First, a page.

Accession Number : ADA425679
Title : Planting the Seeds of Sead: The Wild Weasel in Vietnam
Descriptive Note : Master's thesis
Corporate Author : AIR UNIV MAXWELL AFB AL SCHOOL OF ADVANCED AIRPOWER STUDIES
Personal Author(s) : Hewitt, William A.
PDF Url : ADA425679
Report Date : MAY 1992
Pagination or Media Count : 54
Abstract : Aircrews had dealt with threats --fighters and anti-aircraft artillery (AAA) --since the beginnings of the use of aircraft in combat, but the introduction of the Soviet-built SA-2 surface- to-air missile (SAM) in the Vietnam War ushered a new and deadly threat into air war over Vietnam. Although it was not an unexpected threat, having earlier shot down two American U-2 reconnaissance aircraft, the US Air Force's tactical forces were largely unprepared. A counter had to be found, and that counter was the Wild Weasel, a specially configured F-100 F aircraft with electronics for detecting and then homing on radar emissions from SAM sites. The Weasel proved to be an effective weapon for suppressing enemy radar and SAM threats. Many changes occurred in the Weasel program. The F-100F airframe was too slow to keep up with the primary attack aircraft of the day, the F-105, so the Weasel electronics were added to an F-105 aircraft designated the EF-105 and later redesignated the F-105G. That airframe had too little life left in it and was itself replaced by the F-4C. Following the Vietnam War, the F-4C was replaced by the current Wild Weasel platform, the F-4G, a modified F-4F platform incorporating more capable electronic gear for employment against the mobile Soviet threats. Along with changes in aircraft came changes in weapons and tactics. The first Weasels employed rockets to mark the target for following attack aircraft who would destroy the SAM sites with bombs or cluster munitions. These tactics required the aircraft to overfly the heavily defended sites, increasing the aircraft's vulnerability to the SAMs and to AAA. The introduction of Shrike anti-radiation missile (ARM) negated the requirement to overfly the site, but its short range required further improvement. The improvement came in the Standard ARM, a missile that was followed by development of the High-Speed Anti- Radiation Missile, or HARM, the weapon of choice for today's Weasel.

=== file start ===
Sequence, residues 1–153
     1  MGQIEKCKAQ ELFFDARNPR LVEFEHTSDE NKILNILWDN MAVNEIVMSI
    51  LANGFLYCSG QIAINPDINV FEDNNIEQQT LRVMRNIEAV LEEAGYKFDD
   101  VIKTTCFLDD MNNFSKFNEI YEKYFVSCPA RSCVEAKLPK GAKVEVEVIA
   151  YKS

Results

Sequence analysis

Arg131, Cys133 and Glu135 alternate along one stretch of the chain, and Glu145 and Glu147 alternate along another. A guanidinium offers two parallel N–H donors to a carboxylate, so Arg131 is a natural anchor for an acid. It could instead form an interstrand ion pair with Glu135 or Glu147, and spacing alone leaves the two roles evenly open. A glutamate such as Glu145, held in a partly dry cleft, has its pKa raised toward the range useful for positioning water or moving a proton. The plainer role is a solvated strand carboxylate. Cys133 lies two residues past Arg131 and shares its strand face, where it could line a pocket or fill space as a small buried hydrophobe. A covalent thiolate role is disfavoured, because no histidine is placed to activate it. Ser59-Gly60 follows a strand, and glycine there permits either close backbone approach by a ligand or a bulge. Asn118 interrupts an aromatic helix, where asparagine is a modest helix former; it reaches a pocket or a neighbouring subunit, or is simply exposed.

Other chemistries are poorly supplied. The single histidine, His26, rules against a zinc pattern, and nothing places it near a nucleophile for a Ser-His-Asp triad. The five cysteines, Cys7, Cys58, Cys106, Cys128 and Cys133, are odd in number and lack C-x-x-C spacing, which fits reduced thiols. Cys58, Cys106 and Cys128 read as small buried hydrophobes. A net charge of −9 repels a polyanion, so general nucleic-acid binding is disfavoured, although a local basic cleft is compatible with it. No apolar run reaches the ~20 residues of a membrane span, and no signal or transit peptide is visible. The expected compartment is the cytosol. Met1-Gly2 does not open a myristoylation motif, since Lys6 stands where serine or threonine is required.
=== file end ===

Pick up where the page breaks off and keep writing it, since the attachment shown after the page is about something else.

Descriptors : *AERIAL WARFARE, FLIGHT CREWS, THREATS, THESES, ANTIAIRCRAFT WEAPONS, JET FIGHTERS, SURFACE TO AIR MISSILES, RADAR SIGNALS, RADAR HOMING, VIETNAM WAR.
Subject Categories : Military Operations, Strategy and Tactics
Distribution Statement : APPROVED FOR PUBLIC RELEASE